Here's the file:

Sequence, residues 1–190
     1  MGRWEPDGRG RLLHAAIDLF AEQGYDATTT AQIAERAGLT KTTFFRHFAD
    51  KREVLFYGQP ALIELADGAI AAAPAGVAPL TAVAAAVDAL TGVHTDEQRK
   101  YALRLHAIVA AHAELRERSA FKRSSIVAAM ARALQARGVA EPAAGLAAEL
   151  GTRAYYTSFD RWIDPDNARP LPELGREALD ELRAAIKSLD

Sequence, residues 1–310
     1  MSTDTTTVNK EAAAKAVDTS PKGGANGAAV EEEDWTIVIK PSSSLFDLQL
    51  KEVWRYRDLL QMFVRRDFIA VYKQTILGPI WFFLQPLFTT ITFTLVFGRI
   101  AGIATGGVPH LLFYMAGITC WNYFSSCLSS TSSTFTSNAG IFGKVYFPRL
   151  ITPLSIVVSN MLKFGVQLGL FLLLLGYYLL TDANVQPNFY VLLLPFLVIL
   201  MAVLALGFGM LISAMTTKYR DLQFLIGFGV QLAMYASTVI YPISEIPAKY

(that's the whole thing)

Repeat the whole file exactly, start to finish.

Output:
Sequence, residues 1–190
     1  MGRWEPDGRG RLLHAAIDLF AEQGYDATTT AQIAERAGLT KTTFFRHFAD
    51  KREVLFYGQP ALIELADGAI AAAPAGVAPL TAVAAAVDAL TGVHTDEQRK
   101  YALRLHAIVA AHAELRERSA FKRSSIVAAM ARALQARGVA EPAAGLAAEL
   151  GTRAYYTSFD RWIDPDNARP LPELGREALD ELRAAIKSLD

Sequence, residues 1–310
     1  MSTDTTTVNK EAAAKAVDTS PKGGANGAAV EEEDWTIVIK PSSSLFDLQL
    51  KEVWRYRDLL QMFVRRDFIA VYKQTILGPI WFFLQPLFTT ITFTLVFGRI
   101  AGIATGGVPH LLFYMAGITC WNYFSSCLSS TSSTFTSNAG IFGKVYFPRL
   151  ITPLSIVVSN MLKFGVQLGL FLLLLGYYLL TDANVQPNFY VLLLPFLVIL
   201  MAVLALGFGM LISAMTTKYR DLQFLIGFGV QLAMYASTVI YPISEIPAKY